Job search proves difficult for some in current economy
Mary Migliozzi | Friday, September 19, 2003
With the economy in recession, many students are concerned about the job market and its effects on their chances for employment after graduation.
“I think there has been some increased difficulty,” said Ava Preacher, Associate Director of the College of Arts and Letters’ Undergraduate Advising program. “We don’t have the atmosphere we had a few years ago when the job market was booming, but there are jobs out there.”
Lee Svete, director of the Career Center, said that, while the job market is still lagging, employment prospects for students are beginning to improve.
“It’s getting better this year,” he said. “We see more companies at the career fairs.”
An estimated 163 companies visited campus this week for the Engineering Industry Day and Business Career Fair.
Matt Novitsky and Bryan Kronk, both 2003 graduates, said they had difficulties searching for a job because of the downturn in the economy.
“Nobody was hiring. You apply and companies ignore you,” said Novitsky, an aerospace engineering major.
Kronk, who majored in accounting, said the economy “played a huge role in my lack of success finding a job after graduation.” He said his biggest problem, however, was finding a job outside the Midwest in his hometown of Boston.
Svete said this is the biggest problem graduates face. He said that students who want to live outside the Midwest often do not find job opportunities at career fairs.
“They don’t engage early enough with the career networking process,” he said.
The areas of study that have been most affected by the economy, Svete said, are consulting, certain areas of technology and architecture. He said the biggest reason architecture students were affected this year is that they traditionally look for jobs later in the spring and therefore were more affected by the economic repercussions of the war in Iraq.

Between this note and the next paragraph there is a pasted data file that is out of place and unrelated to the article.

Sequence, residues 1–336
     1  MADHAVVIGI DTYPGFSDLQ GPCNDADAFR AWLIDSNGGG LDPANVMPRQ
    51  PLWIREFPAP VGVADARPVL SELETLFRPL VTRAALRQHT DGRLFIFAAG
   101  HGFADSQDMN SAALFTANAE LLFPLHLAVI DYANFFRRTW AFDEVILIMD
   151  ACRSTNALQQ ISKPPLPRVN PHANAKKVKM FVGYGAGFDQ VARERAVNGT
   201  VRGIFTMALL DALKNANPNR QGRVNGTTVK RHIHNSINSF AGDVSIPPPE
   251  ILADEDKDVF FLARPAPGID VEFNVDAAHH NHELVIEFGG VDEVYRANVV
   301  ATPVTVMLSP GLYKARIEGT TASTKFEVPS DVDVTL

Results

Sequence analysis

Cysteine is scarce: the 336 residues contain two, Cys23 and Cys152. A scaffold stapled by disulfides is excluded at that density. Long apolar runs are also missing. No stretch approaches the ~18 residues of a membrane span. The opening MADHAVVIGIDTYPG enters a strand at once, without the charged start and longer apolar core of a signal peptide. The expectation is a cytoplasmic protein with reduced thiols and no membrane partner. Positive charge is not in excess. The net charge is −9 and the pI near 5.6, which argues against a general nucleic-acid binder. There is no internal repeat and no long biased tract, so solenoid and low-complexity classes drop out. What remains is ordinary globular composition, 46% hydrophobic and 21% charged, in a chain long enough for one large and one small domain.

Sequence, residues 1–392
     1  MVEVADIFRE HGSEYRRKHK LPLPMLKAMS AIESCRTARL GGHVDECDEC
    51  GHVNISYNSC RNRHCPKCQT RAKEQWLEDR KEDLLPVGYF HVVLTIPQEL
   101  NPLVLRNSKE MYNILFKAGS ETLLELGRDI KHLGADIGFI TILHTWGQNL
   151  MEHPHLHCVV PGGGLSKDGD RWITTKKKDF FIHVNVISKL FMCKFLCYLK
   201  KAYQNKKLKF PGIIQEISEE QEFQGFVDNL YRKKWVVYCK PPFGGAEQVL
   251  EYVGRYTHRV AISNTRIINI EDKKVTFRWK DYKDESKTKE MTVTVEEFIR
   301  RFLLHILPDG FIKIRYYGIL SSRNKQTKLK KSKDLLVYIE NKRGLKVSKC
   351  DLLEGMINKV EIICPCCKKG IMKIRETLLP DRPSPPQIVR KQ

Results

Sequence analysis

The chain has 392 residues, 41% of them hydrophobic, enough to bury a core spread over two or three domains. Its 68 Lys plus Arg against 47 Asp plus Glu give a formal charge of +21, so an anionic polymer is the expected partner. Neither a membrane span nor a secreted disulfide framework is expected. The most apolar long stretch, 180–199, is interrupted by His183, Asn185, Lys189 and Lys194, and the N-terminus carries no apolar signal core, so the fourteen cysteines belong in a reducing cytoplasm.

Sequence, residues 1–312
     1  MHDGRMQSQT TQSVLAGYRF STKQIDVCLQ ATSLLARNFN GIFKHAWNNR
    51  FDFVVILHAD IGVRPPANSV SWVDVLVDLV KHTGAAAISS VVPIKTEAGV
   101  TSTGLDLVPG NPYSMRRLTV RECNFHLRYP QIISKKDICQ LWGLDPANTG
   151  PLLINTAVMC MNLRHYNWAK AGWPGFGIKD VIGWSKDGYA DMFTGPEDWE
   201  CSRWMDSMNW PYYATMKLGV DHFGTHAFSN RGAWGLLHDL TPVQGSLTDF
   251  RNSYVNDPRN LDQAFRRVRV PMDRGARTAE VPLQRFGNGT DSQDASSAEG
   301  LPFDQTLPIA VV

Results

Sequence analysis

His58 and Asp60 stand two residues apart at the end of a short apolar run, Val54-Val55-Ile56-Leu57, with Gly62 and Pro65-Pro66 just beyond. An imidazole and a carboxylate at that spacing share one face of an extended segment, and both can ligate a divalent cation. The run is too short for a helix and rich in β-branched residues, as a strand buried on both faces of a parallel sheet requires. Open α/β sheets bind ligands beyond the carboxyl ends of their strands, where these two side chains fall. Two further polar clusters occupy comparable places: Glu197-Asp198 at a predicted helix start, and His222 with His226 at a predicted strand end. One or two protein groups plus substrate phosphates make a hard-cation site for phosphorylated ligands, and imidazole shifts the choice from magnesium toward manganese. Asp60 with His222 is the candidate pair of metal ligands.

The University’s Office of Institutional Research surveys graduating seniors each spring to determine what they plan to do after graduation. In 2003, 20 percent of graduates surveyed were still in the process of actively seeking employment, up from 12 percent two years before.
Twenty-four percent had accepted an employment position, which is down 11 percent since 2001.
The majority of the remaining students were either planning to attend graduate or professional school or participate in a service program.
The percentage of students planning to attend law, medical, dental or graduate school has not increased since last year. The slight increase in participation in service activities is not unusual and is not because of the economy, said professor John Staud, director of the Alliance for Catholic Education program.
“We’ve grown every year of our existence,” he said.
There are 168 participants in the two-year service program this year.
Svete said the job market has been improving since the spring.
“In June and July, we saw real growth, and the class of 2003 reported more job opportunities,” he said.
Kronk is among the graduates who found employment more recently, obtaining a job at an advertising agency in Boston. Preacher said the future for graduating seniors is not as bleak as the numbers may reveal.
“Our students get jobs; it’s a matter of finding jobs right for them,” Preacher said.